Veteran landlord and property manager Hank Rossi takes on questions each week from landlords and property managers around the country. His goal is to help educate fellow landlords and property managers on issues he has seen in his 30 years in the business. This week the question from a property manager is about what questions you ask when the tenant first calls?
Dear Landlord Hank: Do tenants normally interview you as a property manager?
Normally, I’d answer this question with “no.”
The reason is that I usually have been instrumental in the rental process from the beginning.
Typically, I have provided information about the unit and the development. I have shown the unit, helped with the application process for the owner and the Homeowners Association (if there is one). Also I provide the necessary contact information for utilities, TV and WIFI, trash removal, etc.
I am also going to meet and welcome tenants on move-in day.I give them keys, fobs, remotes, etc and do an extensive walk through inspection of the property and contents. Any damage or problematic areas are photographed.
I do the walk-through as if I were the tenant
I do the walk through as if I were the tenant. I really do record all the issues so that the tenant is not charged for damage they did not cause.
I want to be fair to tenants.
Also, it is best to orient the new tenants to the property. I want tenants to know that if they have a problem or maintenance need, I want to hear about the issue as soon as possible so the issue can be repaired.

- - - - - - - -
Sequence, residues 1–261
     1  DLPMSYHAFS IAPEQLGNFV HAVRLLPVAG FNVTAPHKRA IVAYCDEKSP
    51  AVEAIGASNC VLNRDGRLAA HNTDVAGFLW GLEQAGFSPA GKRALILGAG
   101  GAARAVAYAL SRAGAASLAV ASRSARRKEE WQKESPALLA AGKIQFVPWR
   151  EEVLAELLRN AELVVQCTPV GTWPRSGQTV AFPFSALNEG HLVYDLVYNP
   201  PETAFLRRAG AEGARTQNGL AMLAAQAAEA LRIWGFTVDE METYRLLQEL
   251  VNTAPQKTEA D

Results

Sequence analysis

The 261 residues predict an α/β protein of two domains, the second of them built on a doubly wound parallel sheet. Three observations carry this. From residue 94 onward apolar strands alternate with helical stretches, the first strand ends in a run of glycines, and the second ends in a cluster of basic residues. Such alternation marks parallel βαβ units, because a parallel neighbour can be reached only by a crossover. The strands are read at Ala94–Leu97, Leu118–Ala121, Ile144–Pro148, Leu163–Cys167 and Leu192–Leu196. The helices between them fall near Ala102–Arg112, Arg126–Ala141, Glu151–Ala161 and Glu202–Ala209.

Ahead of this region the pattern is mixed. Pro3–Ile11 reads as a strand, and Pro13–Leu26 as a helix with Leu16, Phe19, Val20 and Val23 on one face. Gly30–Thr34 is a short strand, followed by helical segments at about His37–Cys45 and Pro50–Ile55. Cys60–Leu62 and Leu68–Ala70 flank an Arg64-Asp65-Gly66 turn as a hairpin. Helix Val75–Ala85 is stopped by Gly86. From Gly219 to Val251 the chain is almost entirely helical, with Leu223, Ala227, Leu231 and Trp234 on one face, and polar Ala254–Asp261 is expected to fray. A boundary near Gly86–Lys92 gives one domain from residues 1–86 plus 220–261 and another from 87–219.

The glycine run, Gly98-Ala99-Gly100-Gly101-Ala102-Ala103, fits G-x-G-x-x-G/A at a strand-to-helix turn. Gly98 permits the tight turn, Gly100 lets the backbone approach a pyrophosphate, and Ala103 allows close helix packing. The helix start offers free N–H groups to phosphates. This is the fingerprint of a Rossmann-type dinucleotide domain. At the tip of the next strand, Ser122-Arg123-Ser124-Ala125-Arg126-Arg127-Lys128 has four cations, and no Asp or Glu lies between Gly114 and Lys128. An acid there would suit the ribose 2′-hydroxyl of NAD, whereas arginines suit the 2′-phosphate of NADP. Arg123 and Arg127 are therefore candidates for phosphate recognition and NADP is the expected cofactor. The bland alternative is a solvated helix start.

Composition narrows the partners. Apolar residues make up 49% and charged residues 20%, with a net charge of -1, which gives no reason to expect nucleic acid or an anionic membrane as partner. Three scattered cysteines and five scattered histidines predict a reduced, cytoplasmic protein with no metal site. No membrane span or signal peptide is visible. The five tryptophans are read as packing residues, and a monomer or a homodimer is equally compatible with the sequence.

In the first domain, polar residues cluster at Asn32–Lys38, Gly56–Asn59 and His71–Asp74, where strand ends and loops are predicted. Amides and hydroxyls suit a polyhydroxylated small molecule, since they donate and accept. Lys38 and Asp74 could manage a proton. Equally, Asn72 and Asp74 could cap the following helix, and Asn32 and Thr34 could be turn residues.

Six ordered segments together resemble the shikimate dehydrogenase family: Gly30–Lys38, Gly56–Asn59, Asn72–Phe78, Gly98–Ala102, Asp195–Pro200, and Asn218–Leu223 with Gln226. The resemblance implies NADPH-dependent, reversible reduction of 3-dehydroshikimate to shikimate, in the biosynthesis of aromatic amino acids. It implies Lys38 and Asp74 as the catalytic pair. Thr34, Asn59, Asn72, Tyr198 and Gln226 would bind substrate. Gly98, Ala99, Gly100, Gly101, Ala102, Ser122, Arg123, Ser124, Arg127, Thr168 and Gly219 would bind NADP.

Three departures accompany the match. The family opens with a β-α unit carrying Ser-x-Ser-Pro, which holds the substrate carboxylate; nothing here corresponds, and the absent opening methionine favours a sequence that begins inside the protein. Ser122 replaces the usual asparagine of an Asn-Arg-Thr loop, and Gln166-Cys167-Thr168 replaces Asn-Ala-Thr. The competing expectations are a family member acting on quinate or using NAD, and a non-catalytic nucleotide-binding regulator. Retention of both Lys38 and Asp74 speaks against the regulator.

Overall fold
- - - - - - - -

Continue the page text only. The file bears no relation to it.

I make sure they have my cell phone number as well as my email address.
Problems that DEMAND an immediate call to me are:
- Fire, after a call to 911.
- Water leaks, but not drips into sinks or running toilets.
- Perceived dangerous condition to people or property such as a downed tree, power line, animal, etc.
I also show tenants where water main cut off is to the unit, as well as fire extinguisher and smoke detectors. I have the tenants sign paperwork stating they have received information on the fire extinguisher and the smoke detectors are functioning.
I let them know where mail delivery is, garbage pick-up days, routine for landscapers, pool maintenance, parking spots, etc.
At this point the tenants have also received community rules and regulations, if appropriate.
What should be the No. 1 question tenants ask a property manager?
Most tenants don’t ask about safety.
They’ve already determined in their minds that the property is in a relatively safe location.
But that would be my No. 1 question a tenant should ask. Most properties are viewed during the day. And the night-time conditions could be markedly different.
If a tenant does ask about safety, I can’t really answer that question. So I refer tenants to the local police department, so tenants can ask about crime in the development and general area.
Photo © Kzenon via Canva.
About the author Hank Rossi
“I started in real estate as a child watching my father take care of our family rentals- maintenance, tenant relations, etc , in small town Ohio. As I grew, I was occasionally Dad’s assistant. In the mid-90s I decided to get into the rental business on my own, as a sideline. In 2001, I retired from my profession and only managed my own investments, for the next 10 years. Six years ago, my sister, working as a rental agent/property manager in Sarasota, Florida convinced me to try the Florida lifestyle. I gave it a try and never looked back. A few years ago we started our own real estate brokerage. We focus on property management and leasing and I continue to manage my real estate portfolio here in Florida and Atlanta. “ Visit Hank’s website here.